Kurt's Blog

November 24, 2009

My New Language for 2010

Filed under: Uncategorized — Kurt Häusler @ 9:56 am

Following the advice of The Pragmatic Programmer, I try and learn a new programming language each year.

  • In 2007 it was C# which was easy as I did play around with it a few years earlier, and were using it at work.
  • In 2008 it was Python. I concentrated on book learning in the first half of the year, and were lucky enough to be able to start a Python (on Pylons) project in the second half of the year, which is where it really started to sink in.
  • In 2009 it has been Haskell. This hasn’t gone as well, I feel like I have only just scratched the surface and I still don’t feel “fluent”, but I have grown an appreciation of it.

So I am formulating a shortlist for my language of 2010.

  • Erlang. This deserves a place on the list because I enjoy the functional languages, and heard that Erlang developers get paid the most.
  • F#. The .NET ecosystem is pretty large, I already know the .NET libraries and the .NET community so it is a good choice to combine that with my interest in functional programming. I could even see myself using it in the workplace.
  • Scala. I haven’t had much to do with the Java world since I was tutoring beginner’s Java at uni. I have heard good things about Scala and it could help bring me up to date with what is happening in the Java community.
  • Factor. This is interesting because it is a completely different paradigm to anything else I have worked with in the past. It is a concatenative, stack based language. I remember when I got my HP48 I had ideas about combining the power of the stack in a high level, even object oriented, programming language. I think the paradigm would suit my thinking style well.
  • Objective C. I have actually played with Objective C a very long time ago. During a high school science summer camp we developed a simple application on the NeXTSTEP operating system. It is big in the Apple world. Practically a standard for Mac OS X and the iPhone. I feel it is one of those things I should just know.
  • Ruby. I did some quick Ruby tutorials a while ago, before deciding to look into Python a bit more. Since then the Ruby on Rails hype has put me off a bit, but a lot of developers that I respect and listen to work mostly with Ruby and consider it a favorite language. It seems to support a culture that overlaps considerably with the clean code / agile / software craftsmanship communities. If I choose Ruby, I would probably get over my prejudice against the hype and and start straight on Ruby on Rails.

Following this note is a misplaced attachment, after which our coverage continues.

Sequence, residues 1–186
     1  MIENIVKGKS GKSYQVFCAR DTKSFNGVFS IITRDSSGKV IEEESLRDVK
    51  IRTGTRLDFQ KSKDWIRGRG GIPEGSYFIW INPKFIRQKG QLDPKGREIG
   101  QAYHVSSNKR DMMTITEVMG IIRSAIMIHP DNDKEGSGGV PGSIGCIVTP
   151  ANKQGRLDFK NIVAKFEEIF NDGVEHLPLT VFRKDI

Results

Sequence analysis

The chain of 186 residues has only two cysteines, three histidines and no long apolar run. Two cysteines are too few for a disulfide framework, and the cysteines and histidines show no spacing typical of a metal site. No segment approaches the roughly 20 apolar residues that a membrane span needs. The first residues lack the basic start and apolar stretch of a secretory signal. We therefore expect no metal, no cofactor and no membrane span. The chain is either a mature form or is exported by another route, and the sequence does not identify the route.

• Groovy. For much the same reasons as Scala above. I actually have a book already, that I scored for free from an open space, called Groovy für Java-Entwickler. I feel that I might enjoy Scala a bit more though.
  • D. My main language at work at the moment is C++. I have mixed feelings about C++. One one hand it is a pain to have to deal with for most standard desktop applications, compared to something more modern, yet it is somehow more macho than C# or Java, and brings me more cred. Ok so that latter point is bogus. Maybe my feelings are not mixed at all. Maybe I am starting to dislike C++. Apparently D addresses C++’s weak points, and retains its good points, whatever they may be.
  • JavaScript. Not really a general purpose language, but a must as more and more applications are web based, or have web based components. I would also enjoy working with a prototype based OO language, and some of the libraries like JQuery are very impressive too.
  • Smalltalk. This language seems to have played a major part in the direction that modern languages have gone. The tools and methods that the smalltalk community enjoyed years ago are only recently coming to more mainstream languages. A lot of the major software development authors, at least in the OO community, seem to come from a smalltalk heritage. By learning it I might be able to get a feel for where things have come from, and where they may go in the future.

What have I missed? Is anything out of place there? Anything glaringly missing?

I will probably make a decision before the new year. The plan will be to book-learn it in the first half of the year, and try and dive into a “real world” project in the second half.



  1. I think you missed Go, the language Google just published:


    Comment by Antti — November 24, 2009 @ 6:40 pm

  2. Objective C would give you a good excuse to get an iphone (or iPad), and you’ve even got a chance at some pocket change with your annual project.

    Ruby would give an excuse for yet another ruby vs. python comparison.

    Haskell — have you considered overthrowing the tyranny of the calendar and seeing where this would go with another year’s investment?

    Comment by mdhills — March 23, 2010 @ 4:42 pm

  3. I won’t get an iPhone or iPad until I can install what I want or write on it, and others can install what I write without going through Apple. (If I were to upgrade my phone now I would get an Android.) I wouldn’t mind an MBP though, and would get right into both Objective C and Ruby on that.

    Regarding Haskell, that is exactly what I am doing.

    Comment by Kurt Häusler — March 24, 2010 @ 9:11 am

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